Economy

Assemblywoman Lorena Gonzalez’s Attempts to “Fix” AB 5 Show Why it should not Exist in the First Place

Assemblywoman Lorena Gonzalez doesn’t have any idea of what the people want. Either that or she simply doesn’t care about what they want.

Her disastrous AB 5 has already generated a tsunami of backlash from working-class Californians who have lost their freedom to choose where, when, and for whom to work. Though she might be able to ignore her constituents, she can’t ignore the actions of her fellow legislators, who have brought forth many bills in hopes of repealing her destructive legislation.

In hopes of addressing these concerns, Gonzalez has made an attempt to amend AB 5 to allow a bit more leeway for certain freelancers to remain independent.

 

It comes off as quite strange that Gonzalez seems so eager to amend her bill, considering how she’s been vocal about the fact that AB 5 was only made to codify Dynamex West Inc. v. Superior Court of Los Angeles, a California Supreme Court decision related to the classification of employees as independent contractors. Gonzalez has repeatedly said that the State Legislature had no choice but to codify the Court’s decision.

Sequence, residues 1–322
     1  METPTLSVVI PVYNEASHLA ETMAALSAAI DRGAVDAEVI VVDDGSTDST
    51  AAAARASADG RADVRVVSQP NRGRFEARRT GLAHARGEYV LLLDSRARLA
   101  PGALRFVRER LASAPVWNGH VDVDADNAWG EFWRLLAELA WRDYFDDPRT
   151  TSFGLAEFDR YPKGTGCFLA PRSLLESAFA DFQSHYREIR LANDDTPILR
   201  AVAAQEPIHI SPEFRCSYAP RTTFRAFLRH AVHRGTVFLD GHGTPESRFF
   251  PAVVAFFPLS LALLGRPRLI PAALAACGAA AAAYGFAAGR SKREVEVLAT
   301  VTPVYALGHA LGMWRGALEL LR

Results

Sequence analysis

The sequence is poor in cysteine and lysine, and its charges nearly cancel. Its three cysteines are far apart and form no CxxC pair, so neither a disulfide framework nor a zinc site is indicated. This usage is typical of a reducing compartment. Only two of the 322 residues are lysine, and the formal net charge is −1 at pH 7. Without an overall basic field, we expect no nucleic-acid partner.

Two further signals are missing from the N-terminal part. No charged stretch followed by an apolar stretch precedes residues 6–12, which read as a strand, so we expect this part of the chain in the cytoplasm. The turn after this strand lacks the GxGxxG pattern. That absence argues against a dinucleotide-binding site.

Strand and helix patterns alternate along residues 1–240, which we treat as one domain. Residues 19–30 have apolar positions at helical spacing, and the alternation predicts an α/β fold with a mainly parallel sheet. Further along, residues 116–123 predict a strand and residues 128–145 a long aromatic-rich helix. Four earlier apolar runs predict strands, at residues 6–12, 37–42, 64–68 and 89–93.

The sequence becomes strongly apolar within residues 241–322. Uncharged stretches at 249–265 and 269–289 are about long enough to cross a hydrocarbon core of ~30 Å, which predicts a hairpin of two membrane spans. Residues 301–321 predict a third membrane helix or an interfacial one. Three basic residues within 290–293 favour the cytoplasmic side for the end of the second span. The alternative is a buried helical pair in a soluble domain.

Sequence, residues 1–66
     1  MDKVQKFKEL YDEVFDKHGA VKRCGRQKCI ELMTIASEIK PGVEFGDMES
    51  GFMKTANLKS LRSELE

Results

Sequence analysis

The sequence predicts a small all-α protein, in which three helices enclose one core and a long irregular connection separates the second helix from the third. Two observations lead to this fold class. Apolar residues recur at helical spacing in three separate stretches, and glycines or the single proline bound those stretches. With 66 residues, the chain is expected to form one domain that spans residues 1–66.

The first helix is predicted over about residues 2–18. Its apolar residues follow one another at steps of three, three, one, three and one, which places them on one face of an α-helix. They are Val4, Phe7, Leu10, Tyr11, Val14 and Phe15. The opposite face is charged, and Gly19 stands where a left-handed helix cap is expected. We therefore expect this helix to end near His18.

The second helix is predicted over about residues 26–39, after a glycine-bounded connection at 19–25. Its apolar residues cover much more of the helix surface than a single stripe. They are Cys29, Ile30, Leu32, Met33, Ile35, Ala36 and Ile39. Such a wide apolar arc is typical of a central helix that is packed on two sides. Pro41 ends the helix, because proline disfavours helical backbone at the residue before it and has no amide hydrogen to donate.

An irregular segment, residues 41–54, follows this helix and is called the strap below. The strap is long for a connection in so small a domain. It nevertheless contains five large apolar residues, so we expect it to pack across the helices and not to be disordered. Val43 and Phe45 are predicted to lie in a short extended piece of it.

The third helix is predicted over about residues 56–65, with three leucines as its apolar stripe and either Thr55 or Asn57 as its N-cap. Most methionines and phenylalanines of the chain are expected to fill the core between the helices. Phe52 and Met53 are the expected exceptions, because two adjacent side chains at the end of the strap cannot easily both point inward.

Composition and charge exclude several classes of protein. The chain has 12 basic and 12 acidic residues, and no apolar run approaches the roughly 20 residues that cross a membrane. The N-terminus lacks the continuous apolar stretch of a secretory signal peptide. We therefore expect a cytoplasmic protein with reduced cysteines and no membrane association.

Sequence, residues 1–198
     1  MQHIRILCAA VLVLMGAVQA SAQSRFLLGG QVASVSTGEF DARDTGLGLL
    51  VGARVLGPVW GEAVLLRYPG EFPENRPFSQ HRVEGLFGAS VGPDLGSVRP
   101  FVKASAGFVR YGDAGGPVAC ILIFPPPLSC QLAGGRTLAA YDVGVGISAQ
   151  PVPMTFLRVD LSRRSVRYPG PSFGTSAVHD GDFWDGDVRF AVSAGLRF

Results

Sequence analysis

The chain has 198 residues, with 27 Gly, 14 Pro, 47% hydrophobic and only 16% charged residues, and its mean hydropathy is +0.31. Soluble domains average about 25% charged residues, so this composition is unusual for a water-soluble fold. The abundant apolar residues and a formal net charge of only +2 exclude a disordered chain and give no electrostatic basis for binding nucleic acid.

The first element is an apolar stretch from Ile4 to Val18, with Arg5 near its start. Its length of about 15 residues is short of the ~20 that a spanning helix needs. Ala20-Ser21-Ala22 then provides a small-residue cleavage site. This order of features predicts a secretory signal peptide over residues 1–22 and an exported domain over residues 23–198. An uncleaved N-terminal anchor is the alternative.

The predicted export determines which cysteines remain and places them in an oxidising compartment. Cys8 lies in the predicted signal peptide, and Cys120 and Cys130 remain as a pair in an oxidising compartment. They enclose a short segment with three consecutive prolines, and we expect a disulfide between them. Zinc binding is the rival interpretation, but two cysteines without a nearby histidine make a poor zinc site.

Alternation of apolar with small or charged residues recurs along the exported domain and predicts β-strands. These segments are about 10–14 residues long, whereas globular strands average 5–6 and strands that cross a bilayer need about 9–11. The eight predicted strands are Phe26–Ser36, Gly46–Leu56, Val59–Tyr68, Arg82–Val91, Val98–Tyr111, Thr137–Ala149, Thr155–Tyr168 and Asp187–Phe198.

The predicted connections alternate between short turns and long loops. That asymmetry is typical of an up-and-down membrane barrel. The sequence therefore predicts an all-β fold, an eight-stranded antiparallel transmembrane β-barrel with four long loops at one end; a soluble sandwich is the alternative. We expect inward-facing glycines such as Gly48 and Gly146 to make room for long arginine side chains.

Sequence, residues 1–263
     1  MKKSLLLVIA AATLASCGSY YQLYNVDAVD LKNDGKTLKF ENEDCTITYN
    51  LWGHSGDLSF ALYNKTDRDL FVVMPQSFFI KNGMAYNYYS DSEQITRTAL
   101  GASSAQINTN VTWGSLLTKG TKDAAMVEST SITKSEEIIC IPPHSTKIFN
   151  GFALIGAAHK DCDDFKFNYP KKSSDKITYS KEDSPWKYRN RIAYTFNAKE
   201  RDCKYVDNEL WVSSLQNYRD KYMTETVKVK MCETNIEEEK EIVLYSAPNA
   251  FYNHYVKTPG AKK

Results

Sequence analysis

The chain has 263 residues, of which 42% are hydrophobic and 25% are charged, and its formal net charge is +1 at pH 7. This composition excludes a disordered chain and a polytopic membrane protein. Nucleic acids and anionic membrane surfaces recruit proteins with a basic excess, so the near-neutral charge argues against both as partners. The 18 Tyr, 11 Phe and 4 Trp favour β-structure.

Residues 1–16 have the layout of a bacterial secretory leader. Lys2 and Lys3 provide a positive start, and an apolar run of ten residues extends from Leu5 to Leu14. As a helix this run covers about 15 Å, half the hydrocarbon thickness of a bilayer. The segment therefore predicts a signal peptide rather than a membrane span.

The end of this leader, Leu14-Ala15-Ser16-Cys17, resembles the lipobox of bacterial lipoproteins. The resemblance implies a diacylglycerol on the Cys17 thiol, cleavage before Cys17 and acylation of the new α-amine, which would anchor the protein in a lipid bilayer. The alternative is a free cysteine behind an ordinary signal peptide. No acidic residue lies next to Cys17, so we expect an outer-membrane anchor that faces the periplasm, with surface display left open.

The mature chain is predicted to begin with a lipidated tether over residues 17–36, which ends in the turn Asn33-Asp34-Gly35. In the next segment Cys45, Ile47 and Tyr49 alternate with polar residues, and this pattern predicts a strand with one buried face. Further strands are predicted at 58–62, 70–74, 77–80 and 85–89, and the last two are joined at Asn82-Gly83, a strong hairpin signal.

But if that’s the case (it’s not), then why are special exemptions able to be amended into the law? If the Legislature can exempt certain industries and workers without judicial repercussions, then what is the obligation to apply the Dynamex decision in the first place?

If AB 5 was made to codify an existing judicial decision, it shouldn’t need any changes. Dynamex has been “in place” in California since 2018 without adversely affecting the freelance population, so why has AB 5—the “codified” application—resulted in so much backlash and required so many changes?

The answer is that they’re truly not one and the same. The Dynamex ruling served as the legal footing for employees who felt unfairly classified as freelancers, not to reclassify freelancers as employees. Doing the latter was infringing on the rights of workers to control their own labor. That’s part of the reason why the passage of AB 5 drew so much criticism from across the political spectrum.

Simply put, not many people were asking for something like this in the first place. It’s one thing to have legal precedence for freelancers to demand equal treatment as employees. It’s another thing entirely to force businesses to take on workers who want to remain independent contractors.

Don’t let Gonzalez’s rhetoric fool you. AB 5 isn’t codifying Dynamex, it’s codifying the labor union agenda over the needs and preferences of California workers. Californians need to continue pressuring their legislators to overturn this disastrous legislation and protect workers’ rights.